A very warm (figuratively speaking) welcome back, fellow U of T comrades! I hope you’re all finding ways to fight off the cold other than lingering over sidewalk heat vents on your morning walk to campus. All jokes aside, it has been ridiculously and dangerously frigid outside lately. As if making it to your 9AM class on time isn’t already enough of a struggle, add on all the extra minutes of 1. dreading leaving the warm cocoon that is your bed, 2. making sure you’ve piled enough layers on (without looking like a living snowman), 3. dealing with appalling delays and disrupted transportation services, courtesy of GO Transit and the TTC, and 4. slowly treading on ground at the speed of two inches an hour for fear of slipping on ice and chipping a tooth.
Moreover, studies show that weather really does have an effect on mood, which in turn affects your motivation (and in turn, school work). Having spent my entire life until now living in humid, subtropical climates, the weather in Toronto has been a huge hurdle for me in becoming well-adjusted in this city. Here are a few important pointers I’ve picked up over the past couple winters – I’m definitely no expert, but I’ve somehow successfully survived despite my convictions that anything below 23º is sweater weather, so I must be doing something right.
- DON’T SKIP CLASS. If you can traverse -36º weather and a borderline windstorm to attend a pub crawl, YOU CAN GO TO CLASS. Boom.
- For the love of all that is good and warm – dress sensibly. That short-shorts-over-stockings look in the dead of winter doesn’t make you look cute, it makes you look like you don’t care about catching hypothermia. Invest in long johns and a good coat (material-wise, look for water-resistance and down stuffing – wool-blends are good too).
- Don’t skip class (generally speaking, as a habit-forming rule).
- The only time to break the cardinal rule of class-going is if you’ve come down with a fever or a bad cold. Be considerate and do your classmates a solid by not spreading germs around and blowing your nose every two minutes. Either way, you’ll most likely be too sick to pay attention. If you absolutely have to mission to campus, wear a face mask (the student clinic in Koffler puts them out for free, so don’t worry about having to go out and buy your own).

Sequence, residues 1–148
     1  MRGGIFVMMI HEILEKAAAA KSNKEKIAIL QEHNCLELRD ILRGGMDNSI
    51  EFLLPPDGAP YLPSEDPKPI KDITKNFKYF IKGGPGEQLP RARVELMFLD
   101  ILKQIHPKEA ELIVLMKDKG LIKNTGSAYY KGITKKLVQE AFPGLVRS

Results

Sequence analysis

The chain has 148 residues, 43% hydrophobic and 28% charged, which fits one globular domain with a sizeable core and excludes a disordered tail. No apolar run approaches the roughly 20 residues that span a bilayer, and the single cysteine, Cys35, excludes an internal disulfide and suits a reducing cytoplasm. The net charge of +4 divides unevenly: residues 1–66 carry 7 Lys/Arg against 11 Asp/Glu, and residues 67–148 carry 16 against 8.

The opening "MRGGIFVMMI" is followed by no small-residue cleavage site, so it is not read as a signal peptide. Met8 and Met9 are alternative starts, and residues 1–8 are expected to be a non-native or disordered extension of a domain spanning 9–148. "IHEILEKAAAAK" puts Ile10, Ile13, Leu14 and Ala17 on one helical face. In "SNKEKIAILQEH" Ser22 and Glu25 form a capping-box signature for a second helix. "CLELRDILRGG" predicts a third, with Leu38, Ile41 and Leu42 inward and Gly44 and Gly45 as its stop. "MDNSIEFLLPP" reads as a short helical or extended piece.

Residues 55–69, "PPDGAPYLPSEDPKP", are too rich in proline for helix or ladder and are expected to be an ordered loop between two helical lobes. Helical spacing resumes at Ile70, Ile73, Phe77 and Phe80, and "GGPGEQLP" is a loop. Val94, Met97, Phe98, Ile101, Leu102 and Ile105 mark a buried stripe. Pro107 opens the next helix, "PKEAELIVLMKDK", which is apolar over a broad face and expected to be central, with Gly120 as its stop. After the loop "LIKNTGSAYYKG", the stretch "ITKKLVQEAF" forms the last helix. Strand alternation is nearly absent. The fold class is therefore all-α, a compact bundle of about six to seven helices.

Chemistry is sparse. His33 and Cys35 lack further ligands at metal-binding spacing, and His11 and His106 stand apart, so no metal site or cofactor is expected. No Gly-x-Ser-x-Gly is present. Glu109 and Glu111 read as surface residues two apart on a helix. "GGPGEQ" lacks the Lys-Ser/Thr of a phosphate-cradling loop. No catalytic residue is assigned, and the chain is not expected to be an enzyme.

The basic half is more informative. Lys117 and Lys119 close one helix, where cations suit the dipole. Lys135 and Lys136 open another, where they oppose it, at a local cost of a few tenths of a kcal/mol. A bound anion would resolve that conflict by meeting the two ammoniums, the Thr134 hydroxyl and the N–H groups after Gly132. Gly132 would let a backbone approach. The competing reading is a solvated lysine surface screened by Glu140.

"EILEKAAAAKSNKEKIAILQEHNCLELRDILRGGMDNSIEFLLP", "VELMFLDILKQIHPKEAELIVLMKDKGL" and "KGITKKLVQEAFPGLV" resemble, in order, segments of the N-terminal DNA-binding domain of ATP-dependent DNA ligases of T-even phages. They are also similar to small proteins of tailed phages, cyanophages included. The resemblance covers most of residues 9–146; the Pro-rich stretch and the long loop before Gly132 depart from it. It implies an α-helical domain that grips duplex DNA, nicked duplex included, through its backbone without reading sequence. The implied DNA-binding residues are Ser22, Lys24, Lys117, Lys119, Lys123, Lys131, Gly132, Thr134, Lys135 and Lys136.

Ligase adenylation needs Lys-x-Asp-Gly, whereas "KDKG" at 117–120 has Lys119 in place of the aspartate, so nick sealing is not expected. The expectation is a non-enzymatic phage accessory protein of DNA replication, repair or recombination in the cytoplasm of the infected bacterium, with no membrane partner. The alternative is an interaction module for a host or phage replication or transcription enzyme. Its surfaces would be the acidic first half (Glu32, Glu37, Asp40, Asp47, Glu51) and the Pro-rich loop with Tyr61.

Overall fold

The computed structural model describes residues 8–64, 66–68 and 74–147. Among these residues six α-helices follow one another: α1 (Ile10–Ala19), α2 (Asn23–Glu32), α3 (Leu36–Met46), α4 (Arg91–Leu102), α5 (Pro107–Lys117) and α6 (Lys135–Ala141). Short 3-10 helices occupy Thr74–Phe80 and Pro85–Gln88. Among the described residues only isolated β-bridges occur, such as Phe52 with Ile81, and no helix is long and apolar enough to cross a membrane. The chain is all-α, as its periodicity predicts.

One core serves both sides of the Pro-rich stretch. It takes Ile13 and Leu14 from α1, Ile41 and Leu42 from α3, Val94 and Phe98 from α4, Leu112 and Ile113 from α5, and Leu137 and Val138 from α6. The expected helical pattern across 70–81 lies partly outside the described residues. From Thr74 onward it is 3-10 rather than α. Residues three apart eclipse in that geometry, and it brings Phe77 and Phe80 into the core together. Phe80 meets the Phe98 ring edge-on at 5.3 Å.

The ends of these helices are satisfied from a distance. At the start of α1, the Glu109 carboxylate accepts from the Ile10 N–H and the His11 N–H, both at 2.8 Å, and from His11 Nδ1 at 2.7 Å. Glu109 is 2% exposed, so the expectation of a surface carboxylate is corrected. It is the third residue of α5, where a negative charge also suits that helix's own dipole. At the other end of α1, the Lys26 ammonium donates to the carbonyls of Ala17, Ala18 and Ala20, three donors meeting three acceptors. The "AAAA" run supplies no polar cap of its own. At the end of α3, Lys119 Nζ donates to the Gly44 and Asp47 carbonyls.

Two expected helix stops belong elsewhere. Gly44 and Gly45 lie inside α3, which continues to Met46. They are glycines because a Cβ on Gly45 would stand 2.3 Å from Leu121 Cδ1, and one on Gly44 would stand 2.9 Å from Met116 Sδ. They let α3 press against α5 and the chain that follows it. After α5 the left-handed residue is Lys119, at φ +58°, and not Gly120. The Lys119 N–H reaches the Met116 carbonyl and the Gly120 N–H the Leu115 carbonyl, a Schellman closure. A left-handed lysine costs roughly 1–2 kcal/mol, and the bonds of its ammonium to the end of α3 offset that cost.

- Stay indoors as much as possible during a snow storm or freak blizzard. Know your shortcuts around campus. (Quick pro-tip: Engineering buildings are hella connected, so make use of that if a lot of your buildings require you to cut through front campus!)
- A steaming hot bowl of noodles or congee really can make a world of difference (I couldn’t help slipping this one in). Some of my favourites nearest to campus: 1Hr, Pho Hung, Kinton Ramen, and King’s Noodle.
- If you’re noticing you’re feeling consistently irritable and out of your element, you could be suffering from Seasonal Affective Disorder, otherwise known as SAD, as the acronym so aptly forms. Many of you have probably heard of it by now (and for those who haven’t, yes, it is unfortunately a very real thing), but few realise its severity in which many of its symptoms are those similar to a major depressive disorder episode. If you’re concerned that this might relate to you, give the Counselling and Psychological Services (CAPS) a call – it’s all covered through your health insurance at U of T.
- Set aside time to see your friends, no matter how lethargic this weather makes you. Whether it’s at a noisy, crowded bar on College, or a quick coffee break at one of the library cafés on campus, it’s important to break the cycle of wake up/school/go home and back to bed that we so easily fall prey to during winter.
Bundle up, U of T! Just three more months to go, unless Wiarton Willie decides to pay us a visit come February 2nd. On that note, take a study break and go watch Bill Murray kill it in Groundhog Day – you’ll thank me.
‘Til next time!
4 comments on “Careful Not to Slip”
This was an amazing blog post. Great way to motivate students to look forward to coming back to school rather than having a negative perception of school. I am also in the process of creating my own blog in which I will be talking about student lifestyles and the struggles we face as students. Just wanted to say keep up the good work, you’re doing a great job!
Thanks so much Karanvir, I’m really glad you appreciate it. Tweet me a link to your blog when it’s up and ready! (@Katrina_UofT)
I still see a lot of people slipping on ice. Quick info-graphic here: http://i.imgur.com/Fh1GzBX.jpg
Haha this is definitely helpful. I’ll make sure to slip this into one of my next posts or tweets!